There are a few potential implications to this.
(1) Would permanent jobs have possibly been lost in the process given that companies may choose the traineeship route to enjoy the benefits? The hired graduate would be earning a lot less than what he or she would – without having the same benefits as everyone else in the company.
(2) Our taxpayers’ money could have been spent on subsidizing a role which the company could already comfortably afford and planned for (I am not sure if this is the intention of the scheme).
(3) We cannot track how many new jobs were created as a result of the SGUnited Traineeships (Will dive deeper into this in my next point)
I wonder what safeguards are currently implemented to ensure this does not happen? If businesses are found to abuse the system, would there be any consequences for them to serve as a strong deterrent effect?
3. How can we track the success of the SGUnited Traineeships Program and ensure these traineeships materialise into actual jobs?
When I shared this post on LinkedIn, a friend of mine raised an excellent point:
Is it creating more good opportunities at companies which otherwise wouldn’t exist? Or simply providing subsidies for jobs that were already available anyway.– Timothy Ho, Founder of Dollars & Sense, questions how we can track if the programme’s success
If a firm has sufficient profits, and would proceed with hiring even without the SGTraineeship program, but chooses to change a role from a perm one to a traineeship for all the financial benefits — how can we track the success of this program?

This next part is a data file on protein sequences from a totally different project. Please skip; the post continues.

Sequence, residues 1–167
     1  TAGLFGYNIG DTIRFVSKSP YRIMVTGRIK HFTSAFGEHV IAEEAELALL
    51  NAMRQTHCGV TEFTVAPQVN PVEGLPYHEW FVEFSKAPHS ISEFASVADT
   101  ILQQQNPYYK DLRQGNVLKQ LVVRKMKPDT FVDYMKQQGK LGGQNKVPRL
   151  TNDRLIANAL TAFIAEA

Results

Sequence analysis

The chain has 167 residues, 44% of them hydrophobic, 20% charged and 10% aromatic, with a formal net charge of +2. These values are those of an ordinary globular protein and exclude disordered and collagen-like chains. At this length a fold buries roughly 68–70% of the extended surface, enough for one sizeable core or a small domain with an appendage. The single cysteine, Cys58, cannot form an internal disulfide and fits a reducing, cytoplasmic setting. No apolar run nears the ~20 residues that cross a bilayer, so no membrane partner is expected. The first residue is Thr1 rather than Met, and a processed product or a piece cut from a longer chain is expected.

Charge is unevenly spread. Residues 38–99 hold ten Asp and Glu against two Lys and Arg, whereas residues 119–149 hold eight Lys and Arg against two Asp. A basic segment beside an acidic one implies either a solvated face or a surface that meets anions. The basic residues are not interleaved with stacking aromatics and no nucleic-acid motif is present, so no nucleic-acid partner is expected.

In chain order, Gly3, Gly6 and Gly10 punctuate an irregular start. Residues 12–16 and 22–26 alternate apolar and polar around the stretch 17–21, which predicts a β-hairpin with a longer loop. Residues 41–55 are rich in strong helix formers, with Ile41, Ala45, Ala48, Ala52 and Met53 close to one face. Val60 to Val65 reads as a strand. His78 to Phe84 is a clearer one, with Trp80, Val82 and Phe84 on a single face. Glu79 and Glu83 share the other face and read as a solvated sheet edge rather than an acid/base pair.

How do we know if a role resulted specifically from the SGUnited Traineeships Programme, or, would have been there regardless of whether there is a programme or not?
As the investment in this program is not small. I hope that the authorities could also scrutinize the outcomes of the traineeships to ensure that it did result in new jobs that would have been created as a result of the scheme
Also, I am sure none of us wants to see a situation whereby there is an entrenchment of permanent traineeships. Thus, I would like to suggest that we also track the percentage of these jobs that materialize into actual jobs down the line.
With such a heavy investment in this SGUnited Traineeships scheme, it is important that we are able to measure the success and ensure this program is truly helping to create new jobs for graduates.
While providing jobs is important, there should be measures to ensure the trainee’s interest and wellbeing. Something as basic as sick leave should be mandated for these graduates.
I understand that some feel that graduates would be able to speak up if mistreated or feel that graduates have a choice to not take up traineeships without sick leave.
I hope you can all be mindful about making these kinds of comments, which implies that all trainees have a choice. This may not be the case for a graduate in financial difficulties. Furthermore, many of them would be in their first official job and could be afraid of rocking the boat. Given that there is no equal balance of power, I hope that laws could be put in place to protect them.
I am heartened to learn that the government is extending more help to our older PMETs as well by trying to get more companies to make their traineeship opportunities available to mid-career PMETs as well.
With a significant number of trainees expected to enter our workforce both graduates and older PMETs, I hope that the Ministry of Manpower could consider extending greater protection to our trainees.
Just like we have so many grants and policies available to keep businesses during this time, I hope that we could also consider the wellbeing of workers especially those who are vulnerable and unable to find a full-time role during these challenging times.